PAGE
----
The Utah Jazz finished the season 37-45, 12th place in their conference. GM Danny Ainge, new coach Will Hardy and the entire organization do deserve a ton of credit for keeping this severely stripped roster. They floated around .500 all season long and finishing with a winning record at home (23-18).
The Jazz were 29-31 going into the All Star break but went just 8-14 to close out the season. However praise is what the Jazz deserve. With the massive roster overhaul, new ownership brought in 35 year old first time head coach Hardy and traded away their cornerstone franchise pieces in Donovan Mitchell and Rudy Gobert last offseason. It was hard to envision this team amounting to much this season besides an early pick in the much anticipated 2023 NBA Draft.
Expectations were low all across the board in Salt Lake City coming into this season. So it’s awfully difficult and relatively strange to praise a team that missed the playoffs (and the play-in for that matter). Even with the seasoned wheeling and dealing, Ainge getting an absolute haul from the Minnesota Timberwolves for what many believed to be an untradeable contract in Gobert’s deal, and after fetching another three first rounders along with now turned All-Star forward Lauri Markkanen, many still believed this Jazz team would be in the Victor Wembanyama sweepstakes all year.
Although Utah was not a good team, they weren’t the Spurs, Rockets or Hornets either. Oddly enough, the Jazz were far ahead of expectations. Coming into the season with an entirely new roster (only two players returned from last year’s roster) and a pre-season Over/Under of 23.5 wins, this group certainly exceeded expectations quicker than even the most optimistic Jazz believer would have thought.
The Jazz were in rebuild mode and everyone knew it. What everyone didn’t know or expect was Lauri Markkanen turning into an All Star player and having this “rebuilding” Utah team finish inside the top 10 in team points per game (Jazz finished 7th with 117.1 PPG right between Lakers and the Bucks- both of whom made the playoffs). Markkanen was awarded the NBA’s Most Improved award and deservingly so. He finished 12th in the league with 25.6 PPG on a new career high in FG percentage (50%).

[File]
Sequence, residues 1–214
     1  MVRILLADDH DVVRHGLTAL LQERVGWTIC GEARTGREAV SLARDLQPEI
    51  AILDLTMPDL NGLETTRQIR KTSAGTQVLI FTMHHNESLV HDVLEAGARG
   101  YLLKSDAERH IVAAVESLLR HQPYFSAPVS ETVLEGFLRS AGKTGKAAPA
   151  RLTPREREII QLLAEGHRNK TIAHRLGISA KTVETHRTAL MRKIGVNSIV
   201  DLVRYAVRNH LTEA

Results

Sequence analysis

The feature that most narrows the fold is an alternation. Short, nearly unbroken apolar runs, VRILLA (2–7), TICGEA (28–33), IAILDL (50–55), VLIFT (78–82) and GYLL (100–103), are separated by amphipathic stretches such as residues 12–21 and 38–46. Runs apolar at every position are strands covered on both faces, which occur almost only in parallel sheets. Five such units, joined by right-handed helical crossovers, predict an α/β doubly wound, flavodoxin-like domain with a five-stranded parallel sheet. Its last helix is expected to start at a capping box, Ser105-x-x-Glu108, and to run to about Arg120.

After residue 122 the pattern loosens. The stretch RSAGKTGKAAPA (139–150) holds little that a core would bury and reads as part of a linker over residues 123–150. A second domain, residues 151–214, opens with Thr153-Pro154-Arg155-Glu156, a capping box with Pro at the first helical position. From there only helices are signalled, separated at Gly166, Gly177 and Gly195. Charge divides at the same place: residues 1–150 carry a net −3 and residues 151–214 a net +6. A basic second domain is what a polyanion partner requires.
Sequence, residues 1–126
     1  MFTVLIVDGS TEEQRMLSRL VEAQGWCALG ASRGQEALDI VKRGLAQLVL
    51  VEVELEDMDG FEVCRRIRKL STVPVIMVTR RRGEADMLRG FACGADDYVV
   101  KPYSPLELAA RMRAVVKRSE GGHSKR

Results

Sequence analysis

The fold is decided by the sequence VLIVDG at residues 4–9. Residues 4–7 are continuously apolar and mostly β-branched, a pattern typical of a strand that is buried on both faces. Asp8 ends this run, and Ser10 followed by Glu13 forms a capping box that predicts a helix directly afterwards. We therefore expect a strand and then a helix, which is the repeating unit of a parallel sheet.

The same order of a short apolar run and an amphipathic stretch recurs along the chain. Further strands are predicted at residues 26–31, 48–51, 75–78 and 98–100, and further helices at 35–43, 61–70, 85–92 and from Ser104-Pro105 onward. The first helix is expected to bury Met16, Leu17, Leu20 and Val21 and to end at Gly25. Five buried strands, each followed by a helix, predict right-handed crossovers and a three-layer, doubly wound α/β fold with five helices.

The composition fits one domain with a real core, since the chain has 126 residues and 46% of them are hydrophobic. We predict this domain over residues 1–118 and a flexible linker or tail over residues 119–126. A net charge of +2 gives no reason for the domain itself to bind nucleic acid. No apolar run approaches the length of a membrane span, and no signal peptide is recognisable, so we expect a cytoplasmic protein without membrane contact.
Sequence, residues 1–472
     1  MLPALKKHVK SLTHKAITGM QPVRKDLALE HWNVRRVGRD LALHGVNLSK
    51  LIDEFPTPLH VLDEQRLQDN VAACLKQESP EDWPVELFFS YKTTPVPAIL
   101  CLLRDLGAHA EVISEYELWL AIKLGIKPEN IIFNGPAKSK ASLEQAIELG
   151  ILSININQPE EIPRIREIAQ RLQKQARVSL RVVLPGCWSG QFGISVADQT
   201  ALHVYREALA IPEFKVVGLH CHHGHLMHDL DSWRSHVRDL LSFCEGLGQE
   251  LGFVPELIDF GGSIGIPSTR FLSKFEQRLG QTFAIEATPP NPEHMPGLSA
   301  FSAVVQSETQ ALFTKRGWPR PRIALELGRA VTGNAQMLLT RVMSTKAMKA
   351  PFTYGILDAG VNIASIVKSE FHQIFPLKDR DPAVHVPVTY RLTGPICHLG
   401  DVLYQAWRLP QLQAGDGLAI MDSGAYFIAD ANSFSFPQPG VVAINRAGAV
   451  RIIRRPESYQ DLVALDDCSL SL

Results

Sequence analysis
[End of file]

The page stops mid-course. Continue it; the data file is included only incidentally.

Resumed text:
Just for comparison’s sake the Jazz offense-yes, just the offense- this season ranked exactly in the same place as they did the previous season with Mitchell and Gobert at the reins. However it was evident the Jazz were a lot faster on Offense. Rookie Center Walker Kessler (who was part of the Timberwolves package for Gobert) was a pleasant surprise in year one as well. The highly efficient Kessler led all first year players in FG percentage, and blocks – which he also finished inside the top five in the league, as well as second amongst rookies in rebounds.
One carry over from Utah’s roster last season was former Sixth Man extraordinaire Jordan Clarkson. Clarkson most definitely reaped the benefits of Mitchell’s departure, sliding into the starting lineup and averaging a career best 20 PPG this season. Another pleasant surprise on the perimeter was rookie guard Ochai Agbaji.
Agbaji only averaged around 8 PPG on 43% shooting from the field, but the rookie showed flashes of the offensive prowess that made him a first round pick in last year’s draft. With multiple 20+ point performances in the final weeks of the season in extended playing time, Abaji definitely proved to this Jazz staff that he was more than just a throw-in in the massive haul Utah got in the Mitchell trade from Cleveland last summer.